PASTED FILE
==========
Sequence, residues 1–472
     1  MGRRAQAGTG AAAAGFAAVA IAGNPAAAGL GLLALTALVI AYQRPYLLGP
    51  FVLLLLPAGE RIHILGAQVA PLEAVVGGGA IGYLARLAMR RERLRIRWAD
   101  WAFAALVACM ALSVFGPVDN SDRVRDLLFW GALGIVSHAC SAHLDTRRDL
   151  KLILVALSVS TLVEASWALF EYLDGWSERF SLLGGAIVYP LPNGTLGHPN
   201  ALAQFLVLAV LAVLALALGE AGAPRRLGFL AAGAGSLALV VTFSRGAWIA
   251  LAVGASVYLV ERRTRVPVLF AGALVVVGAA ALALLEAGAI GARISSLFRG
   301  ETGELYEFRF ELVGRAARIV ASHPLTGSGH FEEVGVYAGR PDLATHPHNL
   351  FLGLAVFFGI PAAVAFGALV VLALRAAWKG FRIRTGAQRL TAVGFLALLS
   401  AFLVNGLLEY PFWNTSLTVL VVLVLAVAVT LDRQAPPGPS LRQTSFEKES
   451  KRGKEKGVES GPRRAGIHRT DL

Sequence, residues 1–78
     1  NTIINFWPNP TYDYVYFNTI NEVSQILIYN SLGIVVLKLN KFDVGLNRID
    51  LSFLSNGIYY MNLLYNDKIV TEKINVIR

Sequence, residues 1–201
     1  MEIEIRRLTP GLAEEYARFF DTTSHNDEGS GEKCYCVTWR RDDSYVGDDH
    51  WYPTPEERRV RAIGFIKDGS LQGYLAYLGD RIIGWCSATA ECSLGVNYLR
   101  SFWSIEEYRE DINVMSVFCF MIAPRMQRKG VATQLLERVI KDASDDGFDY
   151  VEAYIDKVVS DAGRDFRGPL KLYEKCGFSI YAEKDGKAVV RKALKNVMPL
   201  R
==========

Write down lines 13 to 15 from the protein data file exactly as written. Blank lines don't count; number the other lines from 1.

     1  NTIINFWPNP TYDYVYFNTI NEVSQILIYN SLGIVVLKLN KFDVGLNRID
    51  LSFLSNGIYY MNLLYNDKIV TEKINVIR

Sequence, residues 1–201